If law enforcement officers accuse you of stealing something in California, the specific charge could be theft, robbery or burglary depending on the circumstances under which you allegedly stole the money or property. As FindLaw explains, all three of these white collar crimes are similar in nature, but they nevertheless represent distinctly different charges.
A theft charge per se, often called larceny, means that officers allege that you took personal property from someone with the intent to permanently deprive the person of it.
Robbery constitutes a crime in which you allegedly not only stole personal property from someone intending to permanently deprive him or her of it, but also that you allegedly threatened your victim with some kind of a weapon, such as a knife or a gun. Whatever type of weapon you allegedly used, your victim had to be in fear of you bodily harming him or her if (s)he failed to acquiesce to your demands to give you his or her personal property.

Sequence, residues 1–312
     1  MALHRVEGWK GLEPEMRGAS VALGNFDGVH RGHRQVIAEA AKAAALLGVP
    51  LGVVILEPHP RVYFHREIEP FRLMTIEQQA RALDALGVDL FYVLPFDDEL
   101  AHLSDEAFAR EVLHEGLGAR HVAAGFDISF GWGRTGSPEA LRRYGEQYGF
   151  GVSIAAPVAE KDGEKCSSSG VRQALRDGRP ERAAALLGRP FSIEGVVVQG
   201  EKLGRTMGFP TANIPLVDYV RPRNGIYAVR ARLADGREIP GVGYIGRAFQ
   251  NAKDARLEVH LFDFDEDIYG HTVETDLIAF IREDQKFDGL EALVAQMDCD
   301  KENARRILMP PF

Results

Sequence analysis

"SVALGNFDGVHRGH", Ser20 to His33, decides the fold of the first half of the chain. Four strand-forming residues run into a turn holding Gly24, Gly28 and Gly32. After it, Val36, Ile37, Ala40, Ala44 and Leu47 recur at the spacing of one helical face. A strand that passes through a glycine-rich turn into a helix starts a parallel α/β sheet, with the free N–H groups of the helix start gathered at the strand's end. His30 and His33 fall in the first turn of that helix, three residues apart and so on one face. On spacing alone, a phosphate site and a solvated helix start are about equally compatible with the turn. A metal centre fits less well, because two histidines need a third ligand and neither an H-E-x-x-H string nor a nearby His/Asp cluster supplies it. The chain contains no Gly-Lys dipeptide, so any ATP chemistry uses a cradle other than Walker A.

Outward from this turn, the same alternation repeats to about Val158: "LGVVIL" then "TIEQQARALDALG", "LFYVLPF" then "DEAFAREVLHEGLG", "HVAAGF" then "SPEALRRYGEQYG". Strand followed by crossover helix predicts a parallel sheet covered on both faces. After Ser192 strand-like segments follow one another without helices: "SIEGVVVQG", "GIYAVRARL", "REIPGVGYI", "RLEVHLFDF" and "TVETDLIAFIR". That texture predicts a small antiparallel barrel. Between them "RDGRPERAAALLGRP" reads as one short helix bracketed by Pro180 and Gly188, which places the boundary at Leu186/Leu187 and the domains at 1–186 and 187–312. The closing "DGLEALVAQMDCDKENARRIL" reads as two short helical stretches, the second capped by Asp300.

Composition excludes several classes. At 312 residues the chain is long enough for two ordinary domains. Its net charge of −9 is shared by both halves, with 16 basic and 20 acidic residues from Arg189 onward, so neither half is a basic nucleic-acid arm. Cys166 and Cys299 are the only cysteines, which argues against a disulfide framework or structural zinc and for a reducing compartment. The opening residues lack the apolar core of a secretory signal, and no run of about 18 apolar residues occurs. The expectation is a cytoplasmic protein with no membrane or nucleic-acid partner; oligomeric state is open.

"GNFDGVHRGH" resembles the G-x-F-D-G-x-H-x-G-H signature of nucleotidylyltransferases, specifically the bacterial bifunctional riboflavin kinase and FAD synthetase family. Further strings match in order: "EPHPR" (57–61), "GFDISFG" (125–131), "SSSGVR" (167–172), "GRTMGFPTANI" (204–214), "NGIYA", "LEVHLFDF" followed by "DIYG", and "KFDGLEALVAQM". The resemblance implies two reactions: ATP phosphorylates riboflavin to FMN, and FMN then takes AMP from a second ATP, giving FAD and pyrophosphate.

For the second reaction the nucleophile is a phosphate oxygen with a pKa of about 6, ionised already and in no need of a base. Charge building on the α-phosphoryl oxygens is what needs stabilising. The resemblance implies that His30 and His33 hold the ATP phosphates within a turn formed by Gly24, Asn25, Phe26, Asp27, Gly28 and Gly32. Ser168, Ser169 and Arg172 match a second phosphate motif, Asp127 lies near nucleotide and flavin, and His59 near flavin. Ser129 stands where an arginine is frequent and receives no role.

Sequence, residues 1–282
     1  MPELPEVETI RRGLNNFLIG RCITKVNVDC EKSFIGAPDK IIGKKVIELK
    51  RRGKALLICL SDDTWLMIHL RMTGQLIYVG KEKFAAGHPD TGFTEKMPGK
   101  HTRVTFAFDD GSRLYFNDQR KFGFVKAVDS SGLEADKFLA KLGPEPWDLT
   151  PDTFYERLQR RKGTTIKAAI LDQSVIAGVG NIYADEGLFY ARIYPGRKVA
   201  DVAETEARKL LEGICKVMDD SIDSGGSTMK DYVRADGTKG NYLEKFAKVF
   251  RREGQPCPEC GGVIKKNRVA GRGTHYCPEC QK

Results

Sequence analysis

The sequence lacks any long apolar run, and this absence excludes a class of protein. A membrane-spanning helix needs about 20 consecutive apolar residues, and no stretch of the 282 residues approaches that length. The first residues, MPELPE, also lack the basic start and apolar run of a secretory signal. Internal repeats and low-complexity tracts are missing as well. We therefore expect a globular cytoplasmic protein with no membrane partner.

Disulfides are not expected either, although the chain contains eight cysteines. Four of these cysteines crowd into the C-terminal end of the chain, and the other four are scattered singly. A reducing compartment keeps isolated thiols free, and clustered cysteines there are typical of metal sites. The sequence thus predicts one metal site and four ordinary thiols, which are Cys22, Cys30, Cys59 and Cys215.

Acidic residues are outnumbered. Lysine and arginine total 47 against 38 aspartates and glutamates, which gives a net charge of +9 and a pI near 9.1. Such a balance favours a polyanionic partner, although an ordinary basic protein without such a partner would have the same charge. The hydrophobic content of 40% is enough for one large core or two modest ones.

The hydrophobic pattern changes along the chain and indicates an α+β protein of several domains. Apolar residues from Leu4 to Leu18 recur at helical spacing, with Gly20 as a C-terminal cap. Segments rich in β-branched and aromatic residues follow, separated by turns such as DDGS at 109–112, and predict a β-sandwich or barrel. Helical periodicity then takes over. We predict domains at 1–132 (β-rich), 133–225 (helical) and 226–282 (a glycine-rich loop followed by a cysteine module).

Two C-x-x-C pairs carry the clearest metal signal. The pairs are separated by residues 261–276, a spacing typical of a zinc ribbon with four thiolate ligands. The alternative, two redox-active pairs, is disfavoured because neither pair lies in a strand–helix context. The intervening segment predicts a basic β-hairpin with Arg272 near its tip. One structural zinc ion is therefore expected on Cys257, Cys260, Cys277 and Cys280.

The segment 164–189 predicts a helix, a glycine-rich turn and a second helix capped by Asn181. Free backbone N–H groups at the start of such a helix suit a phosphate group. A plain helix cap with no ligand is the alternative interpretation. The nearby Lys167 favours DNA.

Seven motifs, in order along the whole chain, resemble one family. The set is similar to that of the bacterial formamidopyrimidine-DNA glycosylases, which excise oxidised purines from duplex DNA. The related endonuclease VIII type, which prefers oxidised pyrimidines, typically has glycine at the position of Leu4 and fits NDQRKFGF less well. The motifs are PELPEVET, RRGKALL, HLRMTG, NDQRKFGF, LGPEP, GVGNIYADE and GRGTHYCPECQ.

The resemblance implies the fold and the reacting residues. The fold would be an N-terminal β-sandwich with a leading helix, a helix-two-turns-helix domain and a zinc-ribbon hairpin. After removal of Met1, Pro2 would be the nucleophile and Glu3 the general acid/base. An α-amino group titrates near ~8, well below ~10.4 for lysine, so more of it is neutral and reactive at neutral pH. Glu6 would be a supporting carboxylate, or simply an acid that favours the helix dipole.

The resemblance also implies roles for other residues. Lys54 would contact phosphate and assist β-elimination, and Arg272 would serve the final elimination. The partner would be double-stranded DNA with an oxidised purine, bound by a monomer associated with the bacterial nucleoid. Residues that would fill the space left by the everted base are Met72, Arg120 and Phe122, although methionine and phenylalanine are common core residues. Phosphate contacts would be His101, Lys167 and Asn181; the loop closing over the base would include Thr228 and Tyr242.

Unlike theft or robbery where you allegedly actually steal something, you need not steal anything in order to be charged with burglary. Rather, all the prosecutor must prove in order to convict you is that you unlawfully entered someone’s property, by force or even by means of an unlocked door or window, with the intent to commit some kind of a crime. Burglary does not require that you intended to commit a theft once inside; it could have been any crime. Nor does burglary require that you actually succeeded in committing the crime you intended to commit. Burglary requires only illegal entry and intent.
This is general educational information and not intended to provide legal advice.